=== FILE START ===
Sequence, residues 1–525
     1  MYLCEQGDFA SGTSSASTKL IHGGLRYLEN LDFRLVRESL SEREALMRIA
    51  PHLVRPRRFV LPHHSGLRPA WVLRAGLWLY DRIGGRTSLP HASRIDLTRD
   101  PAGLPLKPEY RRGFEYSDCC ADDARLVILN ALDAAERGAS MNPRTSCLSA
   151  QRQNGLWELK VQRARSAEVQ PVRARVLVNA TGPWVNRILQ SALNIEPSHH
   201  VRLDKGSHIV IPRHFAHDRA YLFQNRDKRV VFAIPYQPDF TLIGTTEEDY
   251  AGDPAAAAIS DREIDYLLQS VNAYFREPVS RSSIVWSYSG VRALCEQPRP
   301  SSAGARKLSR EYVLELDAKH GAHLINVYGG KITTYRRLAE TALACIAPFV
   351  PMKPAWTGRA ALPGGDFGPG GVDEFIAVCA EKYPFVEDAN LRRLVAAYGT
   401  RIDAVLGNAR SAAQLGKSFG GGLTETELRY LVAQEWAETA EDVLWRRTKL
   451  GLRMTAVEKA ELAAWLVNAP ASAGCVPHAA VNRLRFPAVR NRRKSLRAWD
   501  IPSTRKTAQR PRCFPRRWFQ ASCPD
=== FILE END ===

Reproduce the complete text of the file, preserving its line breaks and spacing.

Sequence, residues 1–525
     1  MYLCEQGDFA SGTSSASTKL IHGGLRYLEN LDFRLVRESL SEREALMRIA
    51  PHLVRPRRFV LPHHSGLRPA WVLRAGLWLY DRIGGRTSLP HASRIDLTRD
   101  PAGLPLKPEY RRGFEYSDCC ADDARLVILN ALDAAERGAS MNPRTSCLSA
   151  QRQNGLWELK VQRARSAEVQ PVRARVLVNA TGPWVNRILQ SALNIEPSHH
   201  VRLDKGSHIV IPRHFAHDRA YLFQNRDKRV VFAIPYQPDF TLIGTTEEDY
   251  AGDPAAAAIS DREIDYLLQS VNAYFREPVS RSSIVWSYSG VRALCEQPRP
   301  SSAGARKLSR EYVLELDAKH GAHLINVYGG KITTYRRLAE TALACIAPFV
   351  PMKPAWTGRA ALPGGDFGPG GVDEFIAVCA EKYPFVEDAN LRRLVAAYGT
   401  RIDAVLGNAR SAAQLGKSFG GGLTETELRY LVAQEWAETA EDVLWRRTKL
   451  GLRMTAVEKA ELAAWLVNAP ASAGCVPHAA VNRLRFPAVR NRRKSLRAWD
   501  IPSTRKTAQR PRCFPRRWFQ ASCPD